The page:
Cruisin' With Korkisby Jim Korkis, staff writer
The four ships of the Disney Cruise Line fleet took four of the top five positions (including the top three overall) in the 2014 Condé Nast Traveler Readers' Poll for best large cruise ship.
In order, the ranking was:
- Disney Fantasy
- Disney Wonder
- Disney Dream
- Celebrity Eclipse
- Disney Magic
In fact, Disney Cruise Line has won multiple awards and accolades since it was first launched in 1998 with the Disney Magic. The keel was laid for the Disney Magic on October 21, 1996 and the launch date was April 12, 1997, but the official Inaugural cruise was not until July 30, 1998.
The boat was christened by Roy E. Disney's wife, Patricia (also known as "Patty"), who became the godmother of the ship. Traditionally, ships were "christened"—or officially named—by "godmothers" who launched the ships from their building blocks into the sea for the very first time. To mark these occasions, bottles of champagne or sparkling wine were broken against the ship's hull.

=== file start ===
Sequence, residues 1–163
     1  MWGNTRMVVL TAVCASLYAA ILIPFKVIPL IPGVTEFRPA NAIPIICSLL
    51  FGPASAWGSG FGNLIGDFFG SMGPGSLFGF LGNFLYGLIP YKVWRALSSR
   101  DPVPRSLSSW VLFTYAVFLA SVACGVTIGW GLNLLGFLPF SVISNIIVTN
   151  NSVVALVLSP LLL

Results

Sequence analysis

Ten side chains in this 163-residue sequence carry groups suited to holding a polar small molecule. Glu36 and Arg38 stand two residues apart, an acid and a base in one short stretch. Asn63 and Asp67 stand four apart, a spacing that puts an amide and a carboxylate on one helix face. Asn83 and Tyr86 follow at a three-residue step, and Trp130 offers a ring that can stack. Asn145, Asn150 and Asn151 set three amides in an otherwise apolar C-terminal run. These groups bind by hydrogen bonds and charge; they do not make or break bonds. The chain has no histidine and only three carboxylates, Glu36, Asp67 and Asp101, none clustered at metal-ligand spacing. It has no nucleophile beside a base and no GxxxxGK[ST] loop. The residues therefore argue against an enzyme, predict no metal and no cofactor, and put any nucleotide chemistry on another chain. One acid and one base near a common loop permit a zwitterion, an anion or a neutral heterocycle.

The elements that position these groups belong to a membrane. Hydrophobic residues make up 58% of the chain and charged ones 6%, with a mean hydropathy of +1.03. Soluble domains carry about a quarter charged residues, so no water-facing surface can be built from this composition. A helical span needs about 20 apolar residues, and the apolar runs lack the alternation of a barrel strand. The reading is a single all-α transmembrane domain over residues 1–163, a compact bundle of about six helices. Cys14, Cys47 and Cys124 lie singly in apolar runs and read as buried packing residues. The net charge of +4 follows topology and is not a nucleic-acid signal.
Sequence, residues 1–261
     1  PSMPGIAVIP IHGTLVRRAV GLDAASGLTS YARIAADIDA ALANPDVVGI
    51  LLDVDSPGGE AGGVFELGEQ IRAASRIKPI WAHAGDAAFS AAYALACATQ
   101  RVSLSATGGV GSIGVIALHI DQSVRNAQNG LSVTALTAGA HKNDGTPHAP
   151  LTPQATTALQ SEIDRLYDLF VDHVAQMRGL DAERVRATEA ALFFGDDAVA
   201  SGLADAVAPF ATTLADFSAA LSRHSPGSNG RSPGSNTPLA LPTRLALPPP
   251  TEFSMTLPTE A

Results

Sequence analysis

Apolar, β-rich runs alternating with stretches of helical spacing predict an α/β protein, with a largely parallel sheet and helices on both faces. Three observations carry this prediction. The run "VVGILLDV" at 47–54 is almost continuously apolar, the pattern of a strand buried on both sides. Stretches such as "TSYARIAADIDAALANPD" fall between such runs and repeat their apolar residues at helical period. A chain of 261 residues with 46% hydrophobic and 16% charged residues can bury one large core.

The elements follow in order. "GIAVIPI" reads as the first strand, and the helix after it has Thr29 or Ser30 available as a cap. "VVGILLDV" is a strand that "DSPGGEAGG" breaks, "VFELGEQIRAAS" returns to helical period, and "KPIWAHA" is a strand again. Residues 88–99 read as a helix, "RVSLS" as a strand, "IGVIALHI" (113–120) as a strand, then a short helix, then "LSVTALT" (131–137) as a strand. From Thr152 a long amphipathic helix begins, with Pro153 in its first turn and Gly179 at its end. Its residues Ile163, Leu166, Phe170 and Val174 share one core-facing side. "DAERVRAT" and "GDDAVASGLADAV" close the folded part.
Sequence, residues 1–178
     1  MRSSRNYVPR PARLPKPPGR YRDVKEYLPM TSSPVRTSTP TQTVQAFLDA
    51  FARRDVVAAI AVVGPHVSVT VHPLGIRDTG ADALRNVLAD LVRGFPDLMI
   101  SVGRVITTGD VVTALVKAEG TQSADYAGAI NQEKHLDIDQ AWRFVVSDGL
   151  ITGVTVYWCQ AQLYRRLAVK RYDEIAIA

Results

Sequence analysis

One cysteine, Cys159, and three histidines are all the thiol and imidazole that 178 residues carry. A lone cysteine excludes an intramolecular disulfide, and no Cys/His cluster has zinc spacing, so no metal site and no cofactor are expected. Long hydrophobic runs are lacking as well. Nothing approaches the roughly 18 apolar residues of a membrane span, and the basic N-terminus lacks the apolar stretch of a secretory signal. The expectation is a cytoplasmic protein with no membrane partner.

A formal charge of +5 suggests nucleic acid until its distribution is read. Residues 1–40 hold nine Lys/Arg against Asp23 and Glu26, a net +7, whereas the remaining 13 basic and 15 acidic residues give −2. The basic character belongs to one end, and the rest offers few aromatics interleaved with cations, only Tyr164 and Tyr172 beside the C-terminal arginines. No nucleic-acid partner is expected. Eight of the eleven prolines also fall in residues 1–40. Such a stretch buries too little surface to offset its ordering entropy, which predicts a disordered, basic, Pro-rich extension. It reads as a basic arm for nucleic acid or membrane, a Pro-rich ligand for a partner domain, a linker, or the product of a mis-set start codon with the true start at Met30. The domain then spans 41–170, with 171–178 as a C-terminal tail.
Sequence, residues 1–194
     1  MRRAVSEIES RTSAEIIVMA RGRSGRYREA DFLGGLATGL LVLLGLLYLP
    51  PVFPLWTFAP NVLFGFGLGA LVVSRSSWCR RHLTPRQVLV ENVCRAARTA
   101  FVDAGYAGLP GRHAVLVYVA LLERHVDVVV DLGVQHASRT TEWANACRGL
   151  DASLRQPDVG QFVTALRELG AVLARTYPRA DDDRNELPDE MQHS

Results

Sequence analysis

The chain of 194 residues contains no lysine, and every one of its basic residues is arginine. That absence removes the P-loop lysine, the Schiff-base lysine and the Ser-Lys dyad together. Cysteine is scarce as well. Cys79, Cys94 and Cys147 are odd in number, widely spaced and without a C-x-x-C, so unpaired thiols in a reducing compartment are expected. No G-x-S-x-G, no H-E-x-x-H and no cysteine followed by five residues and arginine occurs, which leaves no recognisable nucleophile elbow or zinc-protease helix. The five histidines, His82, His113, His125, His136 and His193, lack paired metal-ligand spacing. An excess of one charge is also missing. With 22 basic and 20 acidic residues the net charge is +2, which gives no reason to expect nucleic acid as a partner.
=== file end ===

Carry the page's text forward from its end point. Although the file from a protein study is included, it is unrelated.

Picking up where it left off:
Tinker Bell is the godmother of the Wonder, Jennifer Hudson of the Dream and Mariah Carey of the Fantasy (Disney Legend Julie Andrews is the godmother of a rival cruise ship, Crystal Serenity, and actress Angela Lansbury is the godmother of the Crystal Symphony).
While the Disney Company tries never to talk "money," it was conservatively estimated at the time that the ship cost more than $400 million dollars to build.
In January, Buena Vista University of Storm Lake City, Iowa, purchased a week of my time to accompany students aboard the Disney Magic and do a master's class lecture each day, have dinner with the students each evening, and to make myself reasonably available to individual students during the day to answer questions.
It was a wonderful experience, and I give a particular shout out to Jerry, Dianne, Henry, Claire, Callie, Kassi, Samantha, Chelsey, Skyler, and Chase, who made the voyage both memorable and magical. May all their Disney dreams come true!